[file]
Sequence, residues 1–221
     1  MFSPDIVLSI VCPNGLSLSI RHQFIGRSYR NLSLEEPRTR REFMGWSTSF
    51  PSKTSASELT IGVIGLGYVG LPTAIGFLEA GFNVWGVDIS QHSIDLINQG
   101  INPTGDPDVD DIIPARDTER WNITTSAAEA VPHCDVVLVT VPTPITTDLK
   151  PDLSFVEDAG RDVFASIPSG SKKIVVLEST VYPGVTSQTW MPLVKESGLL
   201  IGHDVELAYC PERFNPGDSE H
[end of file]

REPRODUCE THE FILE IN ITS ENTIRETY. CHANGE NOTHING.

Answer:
Sequence, residues 1–221
     1  MFSPDIVLSI VCPNGLSLSI RHQFIGRSYR NLSLEEPRTR REFMGWSTSF
    51  PSKTSASELT IGVIGLGYVG LPTAIGFLEA GFNVWGVDIS QHSIDLINQG
   101  INPTGDPDVD DIIPARDTER WNITTSAAEA VPHCDVVLVT VPTPITTDLK
   151  PDLSFVEDAG RDVFASIPSG SKKIVVLEST VYPGVTSQTW MPLVKESGLL
   201  IGHDVELAYC PERFNPGDSE H